* Lack of clarity a big concern
* Analysts say shares to remain under pressure
* Q1 shipments miss forecast, co sees lower Q2 shipments
* Barclays halves target, Oppenheimer cuts target by 47 pct
* Shares fall as much as 22 pct (Recasts; adds details, more analyst comments, updates share movement)
By Adveith Nair
BANGALORE, June 2 (Reuters) - Shares of Chinese solar-cell maker Canadian Solar (CSIQ.O) fell as much as 22 percent as investors aggressively sold the stock on the company’s lack of clarity over a subpoena from U.S. regulators.
At least two brokerages slashed their price targets on the company’s shares, which were down 14 percent at $10.20.
The shares had earlier fallen to a low of $9.25, and were among the highest percentage losers Wednesday morning on Nasdaq. The stock is now down over 70 percent from a January year-high.
In a statement after markets closed Tuesday, the company reported first-quarter shipments below its prior view and said its board had launched a probe following a subpoena from the Securities and Exchange Commission (SEC) requesting documents relating to some sales transactions, “among other things.”
“At the first blush, it is a negative,” Simmons & Co analyst Burt Chao said. “With the company being so unclear about what the subpoena actually entailed, investors are going to take a more conservative approach.”
Canadian Solar did not immediately respond to phone calls and e-mails seeking comment.
“To us, the SEC subpoena and pending revision to fourth-quarter revenue, both appear to center on sales in the fourth quarter to customers who returned modules in the first quarter,” Oppenheimer analyst Gary Hsueh said.
“Our key concern is: what instigated the returns? In a tight demand environment, this rates as paranormal activity.”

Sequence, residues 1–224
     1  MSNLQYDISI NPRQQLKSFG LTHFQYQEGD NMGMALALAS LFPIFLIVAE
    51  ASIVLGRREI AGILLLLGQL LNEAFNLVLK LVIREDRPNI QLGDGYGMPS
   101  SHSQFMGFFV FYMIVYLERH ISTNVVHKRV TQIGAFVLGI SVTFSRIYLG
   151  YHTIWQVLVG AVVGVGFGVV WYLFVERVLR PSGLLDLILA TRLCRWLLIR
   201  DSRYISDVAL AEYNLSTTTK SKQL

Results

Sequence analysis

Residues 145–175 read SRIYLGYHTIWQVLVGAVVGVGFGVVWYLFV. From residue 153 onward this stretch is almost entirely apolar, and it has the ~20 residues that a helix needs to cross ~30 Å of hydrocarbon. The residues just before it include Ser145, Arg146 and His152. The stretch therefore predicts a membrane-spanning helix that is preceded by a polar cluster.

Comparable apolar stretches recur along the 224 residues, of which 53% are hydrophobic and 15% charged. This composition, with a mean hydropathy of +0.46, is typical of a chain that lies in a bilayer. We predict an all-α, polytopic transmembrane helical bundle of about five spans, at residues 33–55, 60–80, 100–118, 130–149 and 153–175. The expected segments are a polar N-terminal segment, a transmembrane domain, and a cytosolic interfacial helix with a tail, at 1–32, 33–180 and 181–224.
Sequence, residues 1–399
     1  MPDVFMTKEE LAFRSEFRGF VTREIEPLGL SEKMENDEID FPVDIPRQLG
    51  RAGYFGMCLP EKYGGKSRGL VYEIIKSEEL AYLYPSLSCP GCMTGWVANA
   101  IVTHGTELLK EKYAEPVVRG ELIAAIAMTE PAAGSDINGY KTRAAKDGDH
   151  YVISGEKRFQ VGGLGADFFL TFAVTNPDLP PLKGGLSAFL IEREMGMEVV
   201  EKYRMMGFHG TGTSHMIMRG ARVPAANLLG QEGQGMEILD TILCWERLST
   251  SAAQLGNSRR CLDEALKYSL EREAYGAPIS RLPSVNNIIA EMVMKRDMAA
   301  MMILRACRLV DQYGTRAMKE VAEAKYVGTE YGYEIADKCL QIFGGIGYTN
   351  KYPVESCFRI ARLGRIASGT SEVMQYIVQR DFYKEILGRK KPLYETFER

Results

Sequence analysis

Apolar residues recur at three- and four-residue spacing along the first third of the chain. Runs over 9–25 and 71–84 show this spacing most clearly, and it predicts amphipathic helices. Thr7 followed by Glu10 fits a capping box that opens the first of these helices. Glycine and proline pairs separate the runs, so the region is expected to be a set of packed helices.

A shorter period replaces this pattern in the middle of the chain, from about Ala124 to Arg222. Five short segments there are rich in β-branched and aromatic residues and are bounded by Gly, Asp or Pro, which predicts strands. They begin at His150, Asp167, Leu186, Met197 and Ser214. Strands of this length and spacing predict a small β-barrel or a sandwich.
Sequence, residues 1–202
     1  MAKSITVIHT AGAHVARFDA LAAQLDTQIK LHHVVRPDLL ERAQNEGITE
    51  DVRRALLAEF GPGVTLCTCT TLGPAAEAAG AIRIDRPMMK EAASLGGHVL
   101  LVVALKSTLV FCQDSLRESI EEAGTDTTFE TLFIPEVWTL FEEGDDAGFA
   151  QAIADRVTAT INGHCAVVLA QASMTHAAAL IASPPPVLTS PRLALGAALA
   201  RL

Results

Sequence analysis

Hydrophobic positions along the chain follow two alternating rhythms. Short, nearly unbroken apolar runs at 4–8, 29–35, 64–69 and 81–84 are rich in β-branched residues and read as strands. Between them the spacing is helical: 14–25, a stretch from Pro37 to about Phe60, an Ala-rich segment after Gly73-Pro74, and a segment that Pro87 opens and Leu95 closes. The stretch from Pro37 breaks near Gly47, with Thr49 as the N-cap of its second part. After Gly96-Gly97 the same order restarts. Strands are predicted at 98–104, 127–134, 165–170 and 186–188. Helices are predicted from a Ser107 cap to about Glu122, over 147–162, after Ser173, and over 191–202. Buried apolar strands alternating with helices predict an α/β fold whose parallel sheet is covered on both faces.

The company, which delayed its first quarter results, said it may revise its fourth quarter and full-year results as it now intends to recognize sales only after receiving full cash payments from certain customers.
Canadian Solar, which was founded in Ontario, Canada, but has manufacturing operations in China, said it will cooperate with the Securities and Exchange Commission inquiry.
Meanwhile, Lazard Capital Markets downgraded the company to “hold” from “buy,” citing overhangs from the investigation.
Deutsche Bank maintained its ‘hold’ rating on the stock and said the absence of clarifying information was offset by expectations for a stronger shipment outlook for the second half.
Analysts say the lack of clarity shrouding the entire investigation was likely making investors jittery.
Simmons’ Chao said when SunPower Corp SPWRA.O faced a similar issue, the company had given investors an idea of what to expect, making them more comfortable with the news. [ID:nN16522308]
“And anyway, there is a stigma attached to Chinese solar stocks as a group as far as their disclosure and accounting go,” Wedbush analyst Christine Hersey said by phone.
Chao said Chinese photovoltaic (PV) cell maker Solarfun Power Holdings Co Ltd SOLF.O had taken a step in the right direction, as it became the first Chinese solar company to voluntarily provide a cash flow statement.
“It is really important for a company to be very open and explicit,” Chao said. “Right now they seem to have taken the approach of let’s figure this out, and then come out and announce it.”
Barclays Capital analyst Vishal Shah, meanwhile, halved his price target on the company’s stock to $11.
“We expect shares to remain under pressure until the SEC investigation is concluded and also expect ongoing execution concerns to limit near-term earnings per share upside,” Shah wrote in a note to clients.
The analysts agreed that the shares could fall further.
“There is no guarantee that this is a floor,” Wedbush’s Hersey said. “We don’t really know what the issue is and how far it goes.”
‘MORE PARANORMAL ACTIVITY’
Canadian Solar said its estimated first-quarter shipments came in below its April forecast, and guided towards sequentially lower second-quarter shipments. [ID:n01170500]
The company’s relatively weak forecast came even as other makers of photovoltaic solar equipment saw demand surge as the market rebounded from a weak 2009.
Oppenheimer’s Hsueh said Canadian Solar’s second-quarter shipment view was “more evidence of paranormal activity.”
“(This) is in sharp contrast to recent checks in Asia suggestive of 10 percent to 15 percent of quarter-over-quarter megawatt growth.”
Reporting by Adveith Nair in Bangalore; Editing by Vyas Mohan, Prem Udayabhanu